My Lords, I had the opportunity to watch the Budget from the Gallery in the other place last Wednesday alongside a handful of noble Lords, including my noble friend Lord Lawson. I could not help but reflect that he, and some of his predecessors, enjoyed more degrees of freedom than the present occupant of No. 11.
Our economy, while surprisingly resilient in the near term, is in a holding pattern until we have greater clarity on the road ahead after Brexit. The Chancellor is operating in a macroeconomic straitjacket defined by four important and mutually reinforcing constraints: first, the continuing high deficit and debt levels, which benefited from a windfall in 2016-17 but are otherwise largely unchanged from the Autumn Statement. The only saving grace is that while debt to GDP has more than doubled from under 40% prior to the financial crisis to well over 80% today, the cost of debt service, net of the Asset Protection Fund, remains constant at around 2% of GDP, underpinned by abnormally low interest rates.
Secondly, protected departments now represent 75% of the entire government budget, a point which the chair of the Treasury Select Committee, Andrew Tyrie, has also highlighted. It therefore makes finding savings ever more difficult. Thirdly, in a similar vein, the tax lock and commitment to reduce corporation tax now covers 80% of the base, which makes it difficult to raise revenue other than by increasingly creative means. The national insurance controversy should be seen in this context. In addition, with the tax burden rising above 37% of GDP, the highest for 30 years, I believe that we have reached the limits of what we can sustainably squeeze from taxpayers.
Fourthly, with the uncertainties ahead and OBR’s disclaimer that it has not factored in different economic scenarios for Brexit, the Chancellor quite rightly wants to build in some headroom for unexpected outcomes. With forecast net borrowing reducing to 0.9% of GDP by 2020-21 and a ceiling on the structural deficit of 2%, the implied buffer is about £25 billion—frankly, more of a contingency than a war chest.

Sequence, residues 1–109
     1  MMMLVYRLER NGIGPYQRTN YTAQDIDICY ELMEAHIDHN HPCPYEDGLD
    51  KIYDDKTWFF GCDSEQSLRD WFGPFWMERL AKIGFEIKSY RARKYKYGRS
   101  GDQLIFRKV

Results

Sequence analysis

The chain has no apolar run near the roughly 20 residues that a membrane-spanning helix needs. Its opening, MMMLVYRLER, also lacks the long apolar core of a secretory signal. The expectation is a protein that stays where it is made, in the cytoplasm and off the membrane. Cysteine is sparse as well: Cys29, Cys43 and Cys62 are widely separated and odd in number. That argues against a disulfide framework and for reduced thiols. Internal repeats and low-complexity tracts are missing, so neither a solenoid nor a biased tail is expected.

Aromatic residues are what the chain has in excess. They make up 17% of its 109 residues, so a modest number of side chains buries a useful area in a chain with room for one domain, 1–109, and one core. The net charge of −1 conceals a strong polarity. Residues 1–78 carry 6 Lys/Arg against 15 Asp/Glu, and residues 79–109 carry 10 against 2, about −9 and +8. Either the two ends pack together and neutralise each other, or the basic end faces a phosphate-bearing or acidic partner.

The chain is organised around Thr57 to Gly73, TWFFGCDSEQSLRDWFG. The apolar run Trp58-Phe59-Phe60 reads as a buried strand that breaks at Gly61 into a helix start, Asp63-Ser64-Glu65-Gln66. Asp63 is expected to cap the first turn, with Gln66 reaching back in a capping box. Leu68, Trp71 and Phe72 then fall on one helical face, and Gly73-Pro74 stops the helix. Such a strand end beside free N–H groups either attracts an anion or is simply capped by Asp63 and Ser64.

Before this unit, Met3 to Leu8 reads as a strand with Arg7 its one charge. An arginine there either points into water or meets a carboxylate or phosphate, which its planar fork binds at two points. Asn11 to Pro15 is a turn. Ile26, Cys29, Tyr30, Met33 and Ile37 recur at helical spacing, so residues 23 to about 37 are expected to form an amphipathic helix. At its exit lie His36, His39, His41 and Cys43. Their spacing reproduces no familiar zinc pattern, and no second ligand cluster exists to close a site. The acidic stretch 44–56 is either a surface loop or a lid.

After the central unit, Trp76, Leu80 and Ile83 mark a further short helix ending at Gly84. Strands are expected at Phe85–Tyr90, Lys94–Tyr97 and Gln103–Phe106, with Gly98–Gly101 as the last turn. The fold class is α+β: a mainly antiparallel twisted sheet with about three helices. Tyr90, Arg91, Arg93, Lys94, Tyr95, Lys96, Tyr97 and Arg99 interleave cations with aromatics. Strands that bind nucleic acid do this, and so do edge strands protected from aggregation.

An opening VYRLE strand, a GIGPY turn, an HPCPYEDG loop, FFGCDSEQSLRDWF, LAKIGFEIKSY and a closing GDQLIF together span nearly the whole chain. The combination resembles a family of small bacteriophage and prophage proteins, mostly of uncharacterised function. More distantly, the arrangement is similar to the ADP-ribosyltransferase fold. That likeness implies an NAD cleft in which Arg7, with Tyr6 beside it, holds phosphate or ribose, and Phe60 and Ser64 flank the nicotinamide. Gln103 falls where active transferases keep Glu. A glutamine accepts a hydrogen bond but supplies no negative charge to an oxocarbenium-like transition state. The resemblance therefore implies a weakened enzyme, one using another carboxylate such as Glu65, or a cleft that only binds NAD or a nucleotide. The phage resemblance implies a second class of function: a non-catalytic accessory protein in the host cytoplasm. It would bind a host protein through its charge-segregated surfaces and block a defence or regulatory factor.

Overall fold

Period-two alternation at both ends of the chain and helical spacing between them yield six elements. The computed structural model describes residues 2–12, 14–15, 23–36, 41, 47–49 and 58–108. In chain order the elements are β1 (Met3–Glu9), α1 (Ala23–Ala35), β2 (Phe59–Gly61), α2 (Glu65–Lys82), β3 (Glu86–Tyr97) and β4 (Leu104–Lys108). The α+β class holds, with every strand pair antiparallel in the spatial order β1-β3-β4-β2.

The irony, of course, is that if consumers and companies did what the Chancellor is doing and held back, then their individual prudence would, at an aggregate level, have led to a sharper slowdown—something which economists will recognise as the fallacy of composition. We are therefore fortunate that UK consumers have done exactly the opposite. When the going gets tough, the Brits go shopping. However, this predilection comes at a clear cost in terms of rising household debt and eroding savings rates, now at negative levels excluding pension saving. The most recent retail data from the high street indicate that this party is ending as price squeezes from sterling’s depreciation come through and real wages are squeezed. Therefore, we are in the awkward position that our future economic trajectory will largely be determined by factors beyond our control.
Apart from Brexit, I would highlight two other factors. The first of these, which has worked in our favour so far, is the more benign global growth environment, particularly in the US where we have seen the “Trump Bump”, China’s relatively soft landing and signs of economic life from the EU. Indeed, the Eurozone PMI Index has just crossed 55 for the first time in six years while the comparable UK data are heading in the opposite direction. Mark Carney, in the Bank of England’s latest quarterly inflation report, attributed about a quarter of our economic outperformance to more robust global growth. The financial markets are also chiming in, with the VIX Index, commonly known as the “fear index”, currently enjoying its longest period below average levels since the crash. It goes without saying that these favourable trends might easily reverse.